Sharing and Keeping

There was an interesting discussion on one of the broadcast meteorologist backchannels yesterday about posting your extended forecast on other platforms or linking to your website.  I’d like to take both sides…and then blow them both up.

On the one hand.  You can’t monetize Facebook or Twitter and there is no evidence that that opportunity will come soon.  Link to your site and you could get at least a few click throughs that you can count, and get them into your ecosystem.  “But people hate links, they won’t click through!” But a few might.  (Sidebar…it has been suggested that this is the same argument we had years ago about putting data on the website because it cannibalizes the TV product, and that the “dinosaurs” of the business can’t see that.  It is not the same, the TV station and the website are both controlled by your company and can be monetized).

There is certainly a promotional value to pushing data past your users.  Top of mind awareness is important.  The reality is few of those social users see those posts, Facebook suggests only 15%.  Twitter is a river with a constant flow.

Here comes the dynamite.

Your extended forecast is a commodity, which Webster defines as:

a good or service whose wide availability typically leads to smaller profit margins and diminishes the importance of factors (as brand name) other than price

Enter “weather” and “Dallas” into Google and you get…

extended

And please don’t tell say, “Google said 100 for Friday and I had 101, and I was right.”  Most folks are not paying that close attention.

The most effective use of social is to be social, make connections, interact.  The magic trick is to start creating data that is unique.  So valuable, so different, so reliable that it creates a habit.  Embrace that word “habit”, it is the magic word.  Sitting back and wondering if they saw your post flash by in their “river” is going to turn you into a “dinosaur”.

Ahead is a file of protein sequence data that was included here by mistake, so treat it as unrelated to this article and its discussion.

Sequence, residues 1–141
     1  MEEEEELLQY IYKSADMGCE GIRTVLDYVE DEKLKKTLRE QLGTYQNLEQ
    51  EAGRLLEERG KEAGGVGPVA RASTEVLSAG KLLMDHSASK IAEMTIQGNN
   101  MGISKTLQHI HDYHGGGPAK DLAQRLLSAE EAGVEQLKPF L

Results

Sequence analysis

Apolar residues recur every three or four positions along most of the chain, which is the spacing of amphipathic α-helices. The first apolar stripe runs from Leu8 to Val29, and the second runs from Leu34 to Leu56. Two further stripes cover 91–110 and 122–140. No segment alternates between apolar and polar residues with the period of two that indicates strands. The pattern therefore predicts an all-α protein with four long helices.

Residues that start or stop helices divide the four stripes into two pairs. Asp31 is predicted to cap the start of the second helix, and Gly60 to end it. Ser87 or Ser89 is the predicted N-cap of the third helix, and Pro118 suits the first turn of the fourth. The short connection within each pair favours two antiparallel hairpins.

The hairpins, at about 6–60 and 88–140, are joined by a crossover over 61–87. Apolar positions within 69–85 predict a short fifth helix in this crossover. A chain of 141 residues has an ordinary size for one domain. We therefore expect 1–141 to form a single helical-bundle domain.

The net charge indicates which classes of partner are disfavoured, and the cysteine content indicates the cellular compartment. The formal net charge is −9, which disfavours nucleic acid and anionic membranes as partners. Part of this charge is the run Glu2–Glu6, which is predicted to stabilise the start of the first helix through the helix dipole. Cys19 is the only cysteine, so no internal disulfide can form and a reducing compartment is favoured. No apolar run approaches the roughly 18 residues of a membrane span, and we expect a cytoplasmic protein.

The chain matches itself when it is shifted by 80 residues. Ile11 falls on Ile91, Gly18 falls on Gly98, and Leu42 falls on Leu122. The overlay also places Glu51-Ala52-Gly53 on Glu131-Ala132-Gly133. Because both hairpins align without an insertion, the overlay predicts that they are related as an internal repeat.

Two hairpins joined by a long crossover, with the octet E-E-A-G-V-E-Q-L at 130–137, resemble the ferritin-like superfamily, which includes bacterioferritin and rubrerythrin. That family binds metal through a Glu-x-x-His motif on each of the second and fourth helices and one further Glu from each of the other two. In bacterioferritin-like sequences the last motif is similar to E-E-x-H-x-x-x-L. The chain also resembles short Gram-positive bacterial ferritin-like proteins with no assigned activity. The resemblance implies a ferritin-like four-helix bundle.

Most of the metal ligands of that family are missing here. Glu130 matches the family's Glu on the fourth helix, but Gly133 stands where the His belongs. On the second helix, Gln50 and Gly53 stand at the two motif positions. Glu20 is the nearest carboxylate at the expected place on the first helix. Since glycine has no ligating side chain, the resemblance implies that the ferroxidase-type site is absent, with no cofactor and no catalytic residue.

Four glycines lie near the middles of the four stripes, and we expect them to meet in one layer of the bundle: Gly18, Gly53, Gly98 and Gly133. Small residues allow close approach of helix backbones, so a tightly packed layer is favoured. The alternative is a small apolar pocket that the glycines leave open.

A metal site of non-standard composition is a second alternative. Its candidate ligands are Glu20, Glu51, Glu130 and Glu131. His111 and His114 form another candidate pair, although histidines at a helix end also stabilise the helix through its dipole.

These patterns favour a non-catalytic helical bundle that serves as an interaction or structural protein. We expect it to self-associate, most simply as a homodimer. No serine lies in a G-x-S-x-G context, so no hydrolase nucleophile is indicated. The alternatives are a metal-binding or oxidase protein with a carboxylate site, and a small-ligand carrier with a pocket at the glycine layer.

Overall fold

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About Kevin Selle

Chief Meteorologist, KFDX-TV. Co-host, WeatherBrains.
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2 Responses to Sharing and Keeping

  1. RDale says:

    I think the start of your last paragraph is spot-on… But is it creating “data” that is required? I would think it is the interaction that has the best potential bang for the buck. I hate seeing the “It’s going to be a nice day, what do you like doing on sunny days like this?” posts, but viewers eat that stuff up. I wonder if that provides much more of a return on monetizable investment than just posting a cool, unique weather graphic…

    • Kevin Selle says:

      The Long Tail taught me there is no “one correct” answer. Always say, “some” people like this and “some” people like that. One important point that I should have included, but we have talked about before, is the idea of “push” vs. “pull”. Those users who pull the data are better and more valuable, and with that in mind, if you let them pull what they want you win! Thanks, Rob, always good comment!

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